Monday, 1 October 2012

How not to make apple crumble

A customer in a small, independent delicatessen asks whether they have an apple pie available, freshly-baked but ready to go now. The proprietor replies that unfortunately they don't, but says he could certainly add one to his baking list for her, ready for collection tomorrow. The customer decides that's too long to wait and remarks that in any case the price seems a bit steep when she could easily just make an apple crumble herself. She buys some rolled oats, a bag of flour and several cooking apples, and asks the shopkeeper whether he has any advice on crumble baking. He mentions that it's good to stew the apples a little beforehand but cautions against overcooking it, and wishes her the best of luck with hers.

The next day the customer returns and berates the shopkeeper.
   "Those apples you sold me were horrible, they're really bitter. And there must have been something wrong with the flour or the oats, the crumble was completely dry and tasteless. What kind of refund can you give me?"

The shopkeeper, somewhat taken aback, apologises and says if there is a problem with the flour of course she can have a refund, but he's not had any other complaints, and he even uses the same flour himself. He enquires what kind of sugar she used in the crumble, and how much she added to the cooking apples.
   "What, you need sugar in crumble?" she replies. "You forgot to give me any sugar yesterday when I asked you how to make it."

Trying to remain polite, the shopkeeper explains:
   "Well, to he honest I assumed that if you were making it yourself you'd know more or less what ingredients were needed. We do sell recipe books if that would help..."
   "No, no, they're too expensive. I'll just take that bag of sugar you mentioned and try again this evening" says the customer.
   "Certainly, madam" says the shopkeeper, "that'll be £1.50 please".
   "Oh." says the customer, clearly displeased. "Doesn't it come with the apples, seeing as they're so bitter?"
   "No. Er, no. It's a separate item I'm afraid." says the shopkeeper, almost lost for words.
   "Can you at least give me a refund on the apples, seeing as they're wasted now?" the customer persists.
   "Well I'm sorry, but no, not really." says he. "The apples themselves didn't really have anything wrong with them did they?"
   "I'm not stupid" retorts the customer, apparently offended. "I can cook pasta and I've made loads of pot noodles. I've just not baked an actual crumble before. I don't suppose you could just quickly show me how could you? Or just quickly do it for me now, seeing as I'm buying all the ingredients from you?"
"I'm really sorry, but I don't have time". Says the shopkeeper. "I've got loads of orders for other customers still to make, and this gentleman here is waiting for me to serve him".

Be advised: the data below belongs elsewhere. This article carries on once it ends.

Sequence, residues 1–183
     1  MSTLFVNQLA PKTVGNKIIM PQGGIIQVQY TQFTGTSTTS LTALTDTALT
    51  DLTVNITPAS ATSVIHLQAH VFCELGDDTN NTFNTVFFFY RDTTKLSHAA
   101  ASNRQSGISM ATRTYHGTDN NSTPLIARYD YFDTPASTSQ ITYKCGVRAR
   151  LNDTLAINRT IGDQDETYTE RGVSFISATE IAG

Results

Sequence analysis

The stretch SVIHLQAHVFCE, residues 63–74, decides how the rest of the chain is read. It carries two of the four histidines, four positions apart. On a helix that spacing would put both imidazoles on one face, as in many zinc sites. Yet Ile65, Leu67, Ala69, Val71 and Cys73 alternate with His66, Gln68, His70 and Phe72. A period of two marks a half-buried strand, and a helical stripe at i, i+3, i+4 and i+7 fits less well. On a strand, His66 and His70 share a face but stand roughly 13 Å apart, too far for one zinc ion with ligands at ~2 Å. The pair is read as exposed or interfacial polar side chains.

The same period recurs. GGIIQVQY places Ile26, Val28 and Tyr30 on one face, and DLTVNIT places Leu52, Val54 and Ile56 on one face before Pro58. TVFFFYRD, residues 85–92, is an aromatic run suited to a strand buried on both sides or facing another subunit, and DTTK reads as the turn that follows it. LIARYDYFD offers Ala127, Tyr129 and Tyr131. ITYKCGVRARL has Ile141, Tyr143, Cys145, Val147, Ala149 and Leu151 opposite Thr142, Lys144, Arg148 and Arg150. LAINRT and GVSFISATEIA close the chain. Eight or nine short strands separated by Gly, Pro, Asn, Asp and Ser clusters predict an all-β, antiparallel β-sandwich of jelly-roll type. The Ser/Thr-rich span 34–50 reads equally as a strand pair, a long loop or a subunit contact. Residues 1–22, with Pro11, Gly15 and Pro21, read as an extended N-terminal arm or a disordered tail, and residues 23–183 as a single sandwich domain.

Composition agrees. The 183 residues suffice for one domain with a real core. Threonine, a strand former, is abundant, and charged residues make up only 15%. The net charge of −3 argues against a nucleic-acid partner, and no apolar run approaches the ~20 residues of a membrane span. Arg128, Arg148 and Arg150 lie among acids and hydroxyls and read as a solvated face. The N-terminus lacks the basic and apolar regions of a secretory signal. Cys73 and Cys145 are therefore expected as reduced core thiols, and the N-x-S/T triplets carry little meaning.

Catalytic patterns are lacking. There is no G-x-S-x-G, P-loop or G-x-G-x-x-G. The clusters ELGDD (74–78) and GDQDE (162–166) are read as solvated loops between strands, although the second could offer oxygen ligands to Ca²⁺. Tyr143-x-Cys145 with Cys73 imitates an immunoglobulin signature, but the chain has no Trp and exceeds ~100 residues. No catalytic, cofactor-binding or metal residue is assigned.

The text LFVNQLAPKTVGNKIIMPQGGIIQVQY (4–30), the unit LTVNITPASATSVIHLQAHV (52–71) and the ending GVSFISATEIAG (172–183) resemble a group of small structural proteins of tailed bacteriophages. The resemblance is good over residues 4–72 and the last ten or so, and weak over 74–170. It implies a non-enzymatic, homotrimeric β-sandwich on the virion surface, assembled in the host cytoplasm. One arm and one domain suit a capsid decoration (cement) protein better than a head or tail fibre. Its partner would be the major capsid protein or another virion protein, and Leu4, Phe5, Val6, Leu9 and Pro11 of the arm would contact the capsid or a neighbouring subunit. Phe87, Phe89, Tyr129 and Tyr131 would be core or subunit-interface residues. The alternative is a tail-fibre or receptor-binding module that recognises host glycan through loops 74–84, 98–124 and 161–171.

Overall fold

But fearing that he's now sounded too unhelpful, before the customer leaves the shopkeeper just checks whether she's got enough butter for her crumble mix.
   "I need butter as well?" asks the woman, incredulous. Then a suspicion crosses her mind: "You're not just trying to sell me more stuff now are you?"

Remembering the customer's original request, the shopkeeper decides to change tack. He gently suggests:
   "If you prefer, I could bake you an apple pie for tomorrow. In fact it might even work out cheaper than separately buying all..."
   "Oh yes, I saw your pies yesterday" the customer interrupts, "but then I found out you can get them in ASDA for 59p."

* * *

Does the customer sound unreasonable?

"delicatessen" for "bike shop";
"flour", "oats" and "apples" for "wheel", "tyre" and "inner tube";
"sugar" for "rim tape";
and "butter" for "tyre levers";
and all will become clear.

Funny what's considered acceptable in a bike shop isn't it?

10 things people never say in restaurants

  1. "If I bring my own food, can you just heat it up for me?"

    And if the proprietor obligingly says yes to (1), then:
  2. "I don't know anything about cooking. Could you just quickly talk me through what ingredients to buy and how to prepare them?"
  3. "Can I just borrow a knife and a chopping board? I know what I'm doing, I used to work in a canteen."

    If the proprietor makes the mistake of saying yes to (3), then:
  4. "Can you just show me how to use this knife? I'm good with spoons and forks and stuff, but I've never really used a knife before" ... and proceeds to take up more of the chef's time than if he'd just cooked the meal in the first place.
  5. Whilst getting in the way of the proprietor who is trying to move tables and chairs out onto the patio: "I know you don't open for another 15 minutes, but could you just quickly make me something to eat now? I'm in a bit of a hurry." Then (counter-productively for both parties) loiters in the doorway.
  6. "If I buy all the ingredients from you, will you charge me extra to cook them?"
  7. "Can I watch the chef while he cooks my meal so I know how to do it myself next time?"
  8. "£9.50 for a single course!?! F***in' 'ell, you can get a whole supermarket ready-meal for less than that!"
  9. "How much do you charge for a meal?" When the waiter explains that it depends entirely on what he orders, the customer replies "Just roughly how much? On average". The waiter says the usual practice is to book a table and browse through the menu, and reiterates that the price will depend on what the customer chooses. So the customer books a table for the following week, and never shows up.
  10. "Hi. I had a meal here a couple of days ago and you said it would be really filling, but I'm hungry again already. Can I have a refund?"